Vietnam’s parliament had worked in a “democratic, responsible and serious” manner and accomplished many important tasks, NA Chairwoman Nguyen Thi Kim Ngan said.
The top legislator made the remark yesterday at the closing ceremony of the sixth sitting of the National Assembly held in Hanoi.
She said that with confidence that the election of Party General Secretary Nguyen Phu Trong to the position of State President on October 23 was “a significant political development that was positively received by the people and the electorate.”
|National Assembly Chairwoman Nguyen Thi Kim Ngan delivered a speech at the closing ceremony of the 6th meeting of the 14th National Assembly held in Hanoi on November 20__Photo: Phuong Hoa/ VNA|
During the session, the NA passed nine laws and discussed six draft laws.
With 96.7 percent approval, Vietnam’s legislature also officially ratified the Comprehensive and Progressive Agreement for Trans-Pacific Partnership (CPTPP), or TPP-11, making the country the seventh member of the 500-million strong trade pact to do so.
“This showcases the Party and the Government’s resolve in proactive international integration efforts, and asserts the country’s standing and its responsibilities to the international community,” NA Chairwoman Ngan said.
She said the meeting had reviewed the progress of the implementation of various NA resolutions on socio-economic development and the State budget in 2018 and from 2016-20.
“The National Assembly appreciates the role of the Government’s robust and hands-on leadership, and the proactive support and co-operation from the whole political apparatus, the business community and people of all classes, in the making of notable accomplishments in 2018 and in the last three years,” she said.
NA deputies have also voiced their opinions on existing limitations and issues of the economy, proposed practical and detailed solutions to help the country stay on the track of sustainable development.
“On these bases, the National Assembly has deliberated and approved four resolutions for the socio-economic development and State budget,” she said.
The top legislator asked NA deputies to communicate the results of the meeting to voters and to continue to listen to people’s wishes and expectations, and report to the legislative body and the Government.
Earlier in the day, the National Assembly adopted the revised anti-corruption law with 93.2 percent of deputies in agreement.
However, provisions on how to deal with unexplained assets - an issue that drew heated discussion among NA deputies and attracted public attention - did not make it into the version of the new law, due to split opinions among lawmakers.
Neither option - either bringing the case to court for review, or taxing unexplained assets - received majority support, so the NA Standing Committee decided that the issue would need further study because it was related to property rights, a basic civil right protected by the Constitution.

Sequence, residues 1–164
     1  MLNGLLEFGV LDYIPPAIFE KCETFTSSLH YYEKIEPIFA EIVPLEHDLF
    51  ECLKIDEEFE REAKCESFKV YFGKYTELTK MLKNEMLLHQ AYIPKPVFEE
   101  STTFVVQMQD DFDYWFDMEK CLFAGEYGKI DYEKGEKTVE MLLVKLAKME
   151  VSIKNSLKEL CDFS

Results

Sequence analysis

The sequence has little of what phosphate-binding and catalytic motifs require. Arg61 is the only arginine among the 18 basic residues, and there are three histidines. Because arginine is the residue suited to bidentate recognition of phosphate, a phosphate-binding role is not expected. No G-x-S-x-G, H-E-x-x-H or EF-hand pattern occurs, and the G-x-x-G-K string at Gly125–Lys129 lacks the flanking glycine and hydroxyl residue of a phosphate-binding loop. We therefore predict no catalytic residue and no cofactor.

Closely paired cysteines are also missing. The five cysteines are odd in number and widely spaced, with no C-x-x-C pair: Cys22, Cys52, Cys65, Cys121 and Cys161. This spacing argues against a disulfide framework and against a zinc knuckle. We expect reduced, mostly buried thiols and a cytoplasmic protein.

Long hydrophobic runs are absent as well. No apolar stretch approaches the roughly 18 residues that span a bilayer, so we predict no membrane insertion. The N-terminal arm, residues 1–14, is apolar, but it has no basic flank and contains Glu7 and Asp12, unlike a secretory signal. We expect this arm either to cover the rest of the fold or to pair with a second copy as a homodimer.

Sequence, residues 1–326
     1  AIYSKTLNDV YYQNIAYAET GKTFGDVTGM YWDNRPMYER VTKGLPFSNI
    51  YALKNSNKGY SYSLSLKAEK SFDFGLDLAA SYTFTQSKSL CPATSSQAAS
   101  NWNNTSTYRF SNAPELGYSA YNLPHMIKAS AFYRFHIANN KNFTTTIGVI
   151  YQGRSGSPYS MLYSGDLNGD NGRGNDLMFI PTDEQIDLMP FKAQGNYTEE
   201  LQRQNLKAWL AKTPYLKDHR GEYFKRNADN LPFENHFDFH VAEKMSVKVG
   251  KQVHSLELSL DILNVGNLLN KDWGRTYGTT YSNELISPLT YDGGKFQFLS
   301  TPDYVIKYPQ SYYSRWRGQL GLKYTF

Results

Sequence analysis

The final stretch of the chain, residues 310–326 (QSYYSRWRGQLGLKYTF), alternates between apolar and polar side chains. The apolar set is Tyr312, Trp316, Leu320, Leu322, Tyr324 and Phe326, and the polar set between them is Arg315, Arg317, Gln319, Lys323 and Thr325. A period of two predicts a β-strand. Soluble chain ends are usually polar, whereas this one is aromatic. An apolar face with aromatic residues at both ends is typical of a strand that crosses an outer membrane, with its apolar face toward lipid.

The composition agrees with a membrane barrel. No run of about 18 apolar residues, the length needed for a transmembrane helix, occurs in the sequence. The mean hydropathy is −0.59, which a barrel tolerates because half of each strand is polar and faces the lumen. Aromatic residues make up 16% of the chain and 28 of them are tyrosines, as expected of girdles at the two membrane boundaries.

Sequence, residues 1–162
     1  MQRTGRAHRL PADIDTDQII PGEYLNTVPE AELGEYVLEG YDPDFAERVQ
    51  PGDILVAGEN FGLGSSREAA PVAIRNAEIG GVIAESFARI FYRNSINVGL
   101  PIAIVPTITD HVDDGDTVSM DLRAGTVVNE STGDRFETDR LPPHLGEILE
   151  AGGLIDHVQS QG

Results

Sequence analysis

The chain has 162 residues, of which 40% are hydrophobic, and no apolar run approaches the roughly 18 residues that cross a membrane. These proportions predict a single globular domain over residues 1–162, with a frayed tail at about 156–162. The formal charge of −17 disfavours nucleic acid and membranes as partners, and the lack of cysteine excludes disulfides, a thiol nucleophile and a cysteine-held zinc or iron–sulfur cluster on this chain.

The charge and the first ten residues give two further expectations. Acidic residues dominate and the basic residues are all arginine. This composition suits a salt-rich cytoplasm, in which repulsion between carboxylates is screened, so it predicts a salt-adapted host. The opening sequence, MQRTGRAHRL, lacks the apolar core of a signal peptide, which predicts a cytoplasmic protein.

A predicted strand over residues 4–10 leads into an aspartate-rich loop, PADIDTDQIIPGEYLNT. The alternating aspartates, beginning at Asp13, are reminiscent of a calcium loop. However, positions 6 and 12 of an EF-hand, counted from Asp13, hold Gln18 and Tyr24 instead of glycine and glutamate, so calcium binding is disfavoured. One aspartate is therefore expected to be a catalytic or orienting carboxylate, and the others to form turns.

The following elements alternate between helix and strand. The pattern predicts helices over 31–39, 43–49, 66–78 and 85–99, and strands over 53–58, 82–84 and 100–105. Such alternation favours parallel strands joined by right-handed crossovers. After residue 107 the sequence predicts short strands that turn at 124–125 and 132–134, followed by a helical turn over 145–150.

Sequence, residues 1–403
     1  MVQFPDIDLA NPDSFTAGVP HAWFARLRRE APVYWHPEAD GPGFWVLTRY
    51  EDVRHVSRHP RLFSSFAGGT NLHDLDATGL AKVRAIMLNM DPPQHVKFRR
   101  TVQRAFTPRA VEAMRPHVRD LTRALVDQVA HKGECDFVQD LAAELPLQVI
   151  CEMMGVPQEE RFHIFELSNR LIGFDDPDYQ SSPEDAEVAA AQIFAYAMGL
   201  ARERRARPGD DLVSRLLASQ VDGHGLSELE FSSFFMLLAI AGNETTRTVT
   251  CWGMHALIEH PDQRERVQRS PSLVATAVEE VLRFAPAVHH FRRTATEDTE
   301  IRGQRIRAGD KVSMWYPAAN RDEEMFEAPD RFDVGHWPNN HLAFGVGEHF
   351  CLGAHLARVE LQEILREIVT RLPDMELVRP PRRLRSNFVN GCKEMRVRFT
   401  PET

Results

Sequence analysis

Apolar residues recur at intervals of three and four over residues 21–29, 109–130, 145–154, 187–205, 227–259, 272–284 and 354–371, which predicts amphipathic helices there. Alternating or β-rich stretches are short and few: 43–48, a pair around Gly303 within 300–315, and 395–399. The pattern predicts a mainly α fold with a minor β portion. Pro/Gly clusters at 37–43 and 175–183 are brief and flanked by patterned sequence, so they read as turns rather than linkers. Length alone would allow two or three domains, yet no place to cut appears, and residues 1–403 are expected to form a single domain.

|National Assembly deputies cast their votes on the adoption of the revised anti-corruption in Hanoi on November 20__Photo: VNA|
“Additional incomes of officials and ordinary citizens have been accumulated through different periods and sources. We currently cannot effectively monitor assets and the income of people, including officials. The property tax is also still at a proposal stage. Therefore, determining whether unexplained asset have been illicitly obtained or not is difficult,” said Nguyen Manh Cuong, vice chair of the NA Judicial Committee.
The exclusion of these new measures means the handling of unexplained assets will follow existing legislations.
If unexplained assets are proven to have been gained from corruption through authorized agencies, they would be seized. If the case is deemed to be a tax avoidance crime, then the next steps would follow the tax law.
Lessons from 10 years of implementing the anti-corruption law brought important insights to be incorporated in this revision of the law, as they provided more foolproof processes for asset valuation as well as more stringent penalties for officials and elected representatives who misdeclared their assets.
There is also a whole new chapter in the revised law dedicated to anti-corruption in the non-public sector, effectively extending the fight against corruption into the private sector. It provides regulations to avoid conflict of interests, particularly regarding private businesses that provide services and goods to the public sector.
Comprising 96 articles arranged into 10 chapters, the revised anti-corruption law will take effect starting July next year.
The same day, the NA also adopted the Law on Planning, set to be effective in 2019, and the revised Law on People’s Public Security forces, which will take force in July 2019.- (VNS/VLLF)